Oracle Kicks Butt, Names Names

Oracle beat many Wall Street predictions in its second fiscal quarter, reporting US$1.3 billion in net income and a year-over-year 36 percent increase in stock earnings. The increase in quarterly profit equated to 25 cents per share.

The Redwood Shores, Calif., software giant raked in $5.3 billion in revenue during the quarter, a 28 percent increase from its second quarter of last year. When charges are excluded, Oracle’s quarterly earnings per share were up 40 percent to 31 cents per share and net income was up 38 percent to $1.6 billion compared with the same quarter last year.

The company enjoyed huge growth in software license revenues, President and CFO Safra Catz said. “In Q1 we reported new software license revenues up 35 percent, the strongest growth of any quarter in 10 years. In Q2 we did even better with new software license sales up 38 percent. We exceeded our guidance and our best-case forecast with strong revenue growth across all product lines and geographies.”

Stacks of Cash

Total software revenues were up 29 percent to $4.2 billion and new software license revenues totaled $1.7 billion. Database and middleware new license revenues were up 28 percent and applications new license revenues increased 63 percent.

Services revenues also climbed. Oracle said the service revenue figure for the quarter of $1.2 billion represents a 22 percent increase compared with the same quarter last year.

Not shy about comparing itself to its competitors, Oracle named names.

“In Q2 Oracle’s applications new license sales grew 63 percent compared to SAP’s new license sales growth rate of 15 percent in their most recently completed quarter,” said President Charles Phillips. “We like our growth strategy of expanding beyond ERP into high-end industry specific vertical software in contrast to SAP’s strategy of moving down market to sell ERP systems to small companies.”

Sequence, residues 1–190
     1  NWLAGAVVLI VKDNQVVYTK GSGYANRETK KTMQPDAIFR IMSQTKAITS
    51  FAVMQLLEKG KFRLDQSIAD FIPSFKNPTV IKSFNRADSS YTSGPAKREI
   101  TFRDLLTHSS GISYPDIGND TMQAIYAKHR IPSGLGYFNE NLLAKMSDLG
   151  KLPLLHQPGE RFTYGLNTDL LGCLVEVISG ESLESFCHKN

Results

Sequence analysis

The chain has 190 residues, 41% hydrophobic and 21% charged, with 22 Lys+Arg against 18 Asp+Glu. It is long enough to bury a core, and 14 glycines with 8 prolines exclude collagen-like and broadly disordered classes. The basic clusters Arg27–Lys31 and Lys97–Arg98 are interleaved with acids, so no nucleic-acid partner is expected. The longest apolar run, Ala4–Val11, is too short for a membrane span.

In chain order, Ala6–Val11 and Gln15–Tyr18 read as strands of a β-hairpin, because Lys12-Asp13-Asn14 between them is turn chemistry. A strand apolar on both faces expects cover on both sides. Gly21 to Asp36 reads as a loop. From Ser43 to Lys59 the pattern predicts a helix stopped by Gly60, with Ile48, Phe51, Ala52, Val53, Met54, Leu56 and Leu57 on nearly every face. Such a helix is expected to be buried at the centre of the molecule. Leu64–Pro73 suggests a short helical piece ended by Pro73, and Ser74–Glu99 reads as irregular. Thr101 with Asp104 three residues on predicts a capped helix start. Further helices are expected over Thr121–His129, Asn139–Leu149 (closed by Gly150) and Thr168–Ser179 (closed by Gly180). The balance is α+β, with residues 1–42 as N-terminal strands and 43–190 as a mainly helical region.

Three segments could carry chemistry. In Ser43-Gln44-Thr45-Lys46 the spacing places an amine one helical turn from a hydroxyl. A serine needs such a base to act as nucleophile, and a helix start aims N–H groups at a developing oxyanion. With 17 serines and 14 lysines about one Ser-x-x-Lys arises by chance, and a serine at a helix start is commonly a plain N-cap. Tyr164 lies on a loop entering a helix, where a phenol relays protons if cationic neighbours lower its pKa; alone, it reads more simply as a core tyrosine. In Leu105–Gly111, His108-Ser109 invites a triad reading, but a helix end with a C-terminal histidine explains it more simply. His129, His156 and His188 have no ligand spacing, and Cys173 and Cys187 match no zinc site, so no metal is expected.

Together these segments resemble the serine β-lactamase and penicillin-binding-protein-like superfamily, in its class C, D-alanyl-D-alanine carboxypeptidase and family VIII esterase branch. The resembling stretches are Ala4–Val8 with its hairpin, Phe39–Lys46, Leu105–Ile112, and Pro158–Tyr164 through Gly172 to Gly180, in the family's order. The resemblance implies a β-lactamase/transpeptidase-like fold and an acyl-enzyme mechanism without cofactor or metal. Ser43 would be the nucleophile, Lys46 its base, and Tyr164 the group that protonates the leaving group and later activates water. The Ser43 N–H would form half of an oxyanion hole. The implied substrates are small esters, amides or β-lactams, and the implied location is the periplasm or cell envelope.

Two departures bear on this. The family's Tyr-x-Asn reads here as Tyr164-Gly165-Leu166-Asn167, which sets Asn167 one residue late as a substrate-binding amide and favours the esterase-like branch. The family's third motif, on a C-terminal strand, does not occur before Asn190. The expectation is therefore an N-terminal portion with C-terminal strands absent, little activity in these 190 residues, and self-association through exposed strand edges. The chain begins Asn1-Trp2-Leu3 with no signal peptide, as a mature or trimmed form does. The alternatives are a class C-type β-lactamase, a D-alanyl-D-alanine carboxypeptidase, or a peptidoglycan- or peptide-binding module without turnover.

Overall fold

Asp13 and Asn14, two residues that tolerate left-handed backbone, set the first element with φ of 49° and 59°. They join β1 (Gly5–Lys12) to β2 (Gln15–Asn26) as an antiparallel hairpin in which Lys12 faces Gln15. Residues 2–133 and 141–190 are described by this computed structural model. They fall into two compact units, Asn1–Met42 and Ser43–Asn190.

Oracle also trumped IBM, CEO Larry Ellison pointed out. “Our database and middleware new license sales grew 28 percent in Q2,” he said. “We continue to take market share from IBM in both product categories.”

Well-Honed Sales Strategy

Oracle’s strong Q2 can largely be attributed to the way it managed to integrate sales staff from the companies it acquired during the past several years, Nucleus Research analyst Rebecca Wettemann said.

Oracle is very structured in the way it compensates its salespeople, Wettemann told CRM Buyer. “Despite a number of different product lines and people brought together, the sales teams work well. Some companies don’t pull that off, particularly when they are trying to integrate sales teams after acquisitions.”

Aside from managing to integrate the sales teams in a way that avoided them “stepping on each other,” Oracle also did a good job of focusing on customer needs during a tough economic period, said Wettemann.

“Oracle is very much focused on integration and helping customers leverage value out of the software they have,” said the analyst. Oracle “positions itself as a partner” and helps customers get the most value out of the software they own, she said.

“A tough economy means people are more cautious about making purchases,” said Wettemann. “What they don’t want is a software sales guy. They want somebody who is going to be a partner and show them not only how to get the most value but how to prove that value to their boss. Today, that sells software.”

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